“The car can [also] use the adaptive cruise control gear to automatically vary the amount of deceleration you get when you lift off the throttle. This… simply means it maintains a safe distance from the car in front without you having to intervene with the friction brakes, even when slowing almost to a stop. This is so unexpectedly polished that it turns [the Corolla] into a one-pedal driving experience much of the time – something that’s usually the reserve of pure EVs.”

“Updates to the Toyota Corolla’s hybrid system mean that the latest version of the entry-level 1.8-litre engine has 138bhp at its disposal. [That’s] more than enough performance for everyday driving and getting up to motorway speeds without needing to mash the accelerator into the carpet.

“Fancy a bit of pampering? Well, forget the spa and buy yourself a Corolla instead because… it’s one of the most comfortable cars in the family car class. It has softer suspension than [some other rivals], which means it smooths off the rough edges of road ridges better and fidgets less on patchy sections of motorway.

The Toyota Corolla is a brilliant family car. It’s comfortable, well made, well equipped and remarkably frugal in real-world driving

“When you’re driving normally, you’ll find that the Corolla is a fine handling car. The steering is precise and its weight builds in a progressive manner, starting light for city driving and ending up with a heft that’s reassuring. There’s even a reasonable amount of feedback streaming to your fingertips [and] a decent feeling of composure at faster speeds.”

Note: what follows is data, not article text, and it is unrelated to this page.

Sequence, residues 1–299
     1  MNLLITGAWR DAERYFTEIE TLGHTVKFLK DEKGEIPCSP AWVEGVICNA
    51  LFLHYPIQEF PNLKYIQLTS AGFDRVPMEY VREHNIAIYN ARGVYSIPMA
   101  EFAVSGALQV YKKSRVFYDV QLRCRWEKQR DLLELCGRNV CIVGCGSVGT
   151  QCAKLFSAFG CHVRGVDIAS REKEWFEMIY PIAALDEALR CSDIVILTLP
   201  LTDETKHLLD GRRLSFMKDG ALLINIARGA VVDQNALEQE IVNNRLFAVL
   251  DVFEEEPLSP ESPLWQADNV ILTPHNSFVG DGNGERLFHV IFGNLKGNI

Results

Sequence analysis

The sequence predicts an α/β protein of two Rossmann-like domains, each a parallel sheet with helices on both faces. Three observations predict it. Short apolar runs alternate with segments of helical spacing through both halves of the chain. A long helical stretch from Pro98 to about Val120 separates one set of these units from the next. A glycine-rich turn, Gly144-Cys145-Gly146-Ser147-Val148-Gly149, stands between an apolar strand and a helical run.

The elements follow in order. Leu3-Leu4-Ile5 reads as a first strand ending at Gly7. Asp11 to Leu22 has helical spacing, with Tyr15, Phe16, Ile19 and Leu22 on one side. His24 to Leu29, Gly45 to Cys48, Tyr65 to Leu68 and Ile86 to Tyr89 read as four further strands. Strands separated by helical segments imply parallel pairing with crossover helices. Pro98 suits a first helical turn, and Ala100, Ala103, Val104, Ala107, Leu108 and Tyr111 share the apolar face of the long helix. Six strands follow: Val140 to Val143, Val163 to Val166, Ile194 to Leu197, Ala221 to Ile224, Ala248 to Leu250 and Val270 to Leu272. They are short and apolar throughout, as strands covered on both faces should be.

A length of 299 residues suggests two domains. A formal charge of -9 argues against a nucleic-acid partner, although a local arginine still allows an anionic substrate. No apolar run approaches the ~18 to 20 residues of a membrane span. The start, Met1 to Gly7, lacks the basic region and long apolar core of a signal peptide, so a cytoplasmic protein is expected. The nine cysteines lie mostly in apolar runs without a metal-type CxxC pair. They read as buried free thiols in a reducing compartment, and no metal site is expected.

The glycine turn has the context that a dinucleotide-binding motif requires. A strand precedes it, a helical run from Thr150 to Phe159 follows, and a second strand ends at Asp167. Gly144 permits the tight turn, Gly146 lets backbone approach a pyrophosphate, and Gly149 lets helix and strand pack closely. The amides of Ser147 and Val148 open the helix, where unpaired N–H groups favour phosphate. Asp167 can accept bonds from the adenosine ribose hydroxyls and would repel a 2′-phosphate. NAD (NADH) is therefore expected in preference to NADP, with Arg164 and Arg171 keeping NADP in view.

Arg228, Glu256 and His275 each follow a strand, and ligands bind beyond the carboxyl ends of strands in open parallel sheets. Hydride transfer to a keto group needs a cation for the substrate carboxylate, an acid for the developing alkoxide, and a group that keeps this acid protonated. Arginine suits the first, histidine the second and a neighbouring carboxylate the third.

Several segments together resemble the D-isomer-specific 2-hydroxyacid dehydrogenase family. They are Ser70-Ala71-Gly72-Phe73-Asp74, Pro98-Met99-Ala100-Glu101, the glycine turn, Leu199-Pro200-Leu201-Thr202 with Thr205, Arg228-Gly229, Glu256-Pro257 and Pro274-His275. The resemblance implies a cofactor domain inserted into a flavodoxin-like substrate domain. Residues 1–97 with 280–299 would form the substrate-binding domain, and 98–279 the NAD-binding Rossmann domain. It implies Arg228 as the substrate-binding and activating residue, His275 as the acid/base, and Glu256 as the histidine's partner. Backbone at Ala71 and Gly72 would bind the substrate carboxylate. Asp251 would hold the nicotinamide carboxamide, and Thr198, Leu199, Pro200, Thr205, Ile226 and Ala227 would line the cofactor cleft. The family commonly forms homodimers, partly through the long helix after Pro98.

Learn more: 2023 Toyota Corolla revealed

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Sales, Production, and Export Results for May 2022 | Sales, Production, and Export Results | Profile | Company

Toyota Motor Corporation works to develop and manufacture innovative, safe and high-quality products and services that create happiness by providing mobility for all. We believe that true achievement comes from supporting our customers, partners, employees, and the communities in which we operate. Since our founding over 80 years ago in 1937, we have applied our…

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Toyota Motor Corporation works to develop and manufacture innovative, safe and high-quality products and services that create happiness by providing mobility for all. We believe that true achievement comes from supporting our customers, partners, employees, and the communities in which we operate. Since our founding over 80 years ago in 1937, we have applied our Guiding Principles in pursuit of a safer, greener and more inclusive society. Today, as we transform into a mobility company developing connected, automated, shared and electrified technologies, we also remain true to our Guiding Principles and many of the United Nations’ Sustainable Development Goals to help realize an ever-better world, where everyone is free to move.

SDGs Initiatives https://global.toyota/en/sustainability/sdgs/